Singapore firms urged to go for quality growth amid manpower constraints

Screen shot 2014-04-10 at 7.22.31 AM

Foreign Affairs and Law Minister K Shanmugam has urged Singapore businesses to go for quality growth to tackle the challenge of growing manpower constraints.

Speaking at the Deloitte’s Global Tax Conference on Wednesday, he said it is not viable for Singapore to keep increasing manpower at the same rate as in recent years.

Mr Shanmugam said: “The individual perspective assumes you can keep growing with more and more input of labour, without any constraints on land.

“We have to take the hard position and say that we accept that we have to cut back on the factor of input of labour, because it’s not sustainable to keep growing at this rate. We have to try and go for quality growth.

“That’s a nice catch phrase but for a lot of people, without additional labour, quality growth would not be possible. But these are the trade-offs we have had to make.”

He also addressed questions about Singapore being seen as a ‘tax haven’, especially for tax evasion.

Mr Shanmugam said Singapore has a fundamentally clean system, with robust safety mechanisms to protect against money laundering.

Banks are also required to get to know clients and their sources of funds.

Mr Shanmugam also expressed his bullish outlook on regional integration efforts through the ASEAN Economic Community.

He said that significant diversity within the grouping may pose challenges in the near-to-medium term.

However, he believes the economic potential for integration is substantial.

Mr Shanmugam said: “600 million people in a geographically defined area, sitting between three large economies — India, China and Japan — second largest, third largest, and India among the top 10 economies in the world.

“So you actually have four major blocs — India, ASEAN, China, Japan — huge potential. And if you integrate Australia, which is another G20 country, also $2 trillion, we’re talking about very substantial synergies, which is why ideas like the TPP (Trans-Pacific Partnership) make a lot of sense.”

 

 

 

 

Source : Channel News Asia | April 9, 2014

Advertisements

About thomasdinnocenzi

Thomas D’Innocenzi is a highly accomplished, results-focused international consultant with extensive experience in global sourcing and business development worldwide to meet evolving business needs. Tom has proven ability in implementing and managing profitable global marketing and sourcing operations. He has extensive experience in international business development to accommodate rapid growth. Skilled in building top-performing teams, bench-marking performance, and developing organizations to improve efficiency, productivity, and profitability. Experienced transition leader and change agent. Tom founded Nova Advisors with the mission of providing expert Global Business Development consulting services for companies seeking to expand their market share as an independent consultant. Tom has a network of experts and advisors throughout the Asia-Pacific region and North America. His expertise includes business development, global sourcing, manufacturing, commodities, logistics, QA/QC, FDA, regulatory compliance, sustainability, and supply chain optimization. Tom is experienced in the medical device, apparel, consumer goods and technology services verticals helping companies advance their global sourcing capabilities and develop new markets through a local and sustained approach. Located in SE Asia and the United States, Tom expands market reach to drive sales. His global sourcing strategy includes directly negotiating with commodity suppliers, supply chain networks and distributors for optimal terms based on his expertise and first-hand knowledge of the players. Contact Tom to use his consulting service to increase your global market and make global sourcing profitable for you in the Asia Pacific Region and the United States. http://www.NovaAdvisors.com thomas@NovaAdvisors.com USA Direct: +1.904.479.3600 SINGAPORE: +65.6818.6396 THAILAND: +662.207.9269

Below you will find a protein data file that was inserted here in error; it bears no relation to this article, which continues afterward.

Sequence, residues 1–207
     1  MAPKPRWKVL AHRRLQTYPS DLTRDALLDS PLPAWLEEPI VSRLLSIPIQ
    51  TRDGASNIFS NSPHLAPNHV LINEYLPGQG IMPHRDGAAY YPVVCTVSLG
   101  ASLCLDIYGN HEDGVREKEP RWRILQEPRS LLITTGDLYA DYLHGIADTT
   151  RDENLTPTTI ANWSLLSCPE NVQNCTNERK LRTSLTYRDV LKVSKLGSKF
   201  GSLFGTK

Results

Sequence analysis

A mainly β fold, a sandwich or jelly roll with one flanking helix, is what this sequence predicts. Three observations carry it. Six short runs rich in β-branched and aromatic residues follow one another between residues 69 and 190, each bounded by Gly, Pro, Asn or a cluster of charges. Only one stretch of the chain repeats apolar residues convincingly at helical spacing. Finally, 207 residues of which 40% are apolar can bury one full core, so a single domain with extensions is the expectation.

This entry was posted in Business, Economy, Global Sourcing and tagged , , , , , , , , , , . Bookmark the permalink.

Leave a Reply

Fill in your details below or click an icon to log in:

WordPress.com Logo

You are commenting using your WordPress.com account. Log Out / Change )

Twitter picture

You are commenting using your Twitter account. Log Out / Change )

Facebook photo

You are commenting using your Facebook account. Log Out / Change )

Google+ photo

You are commenting using your Google+ account. Log Out / Change )

Connecting to %s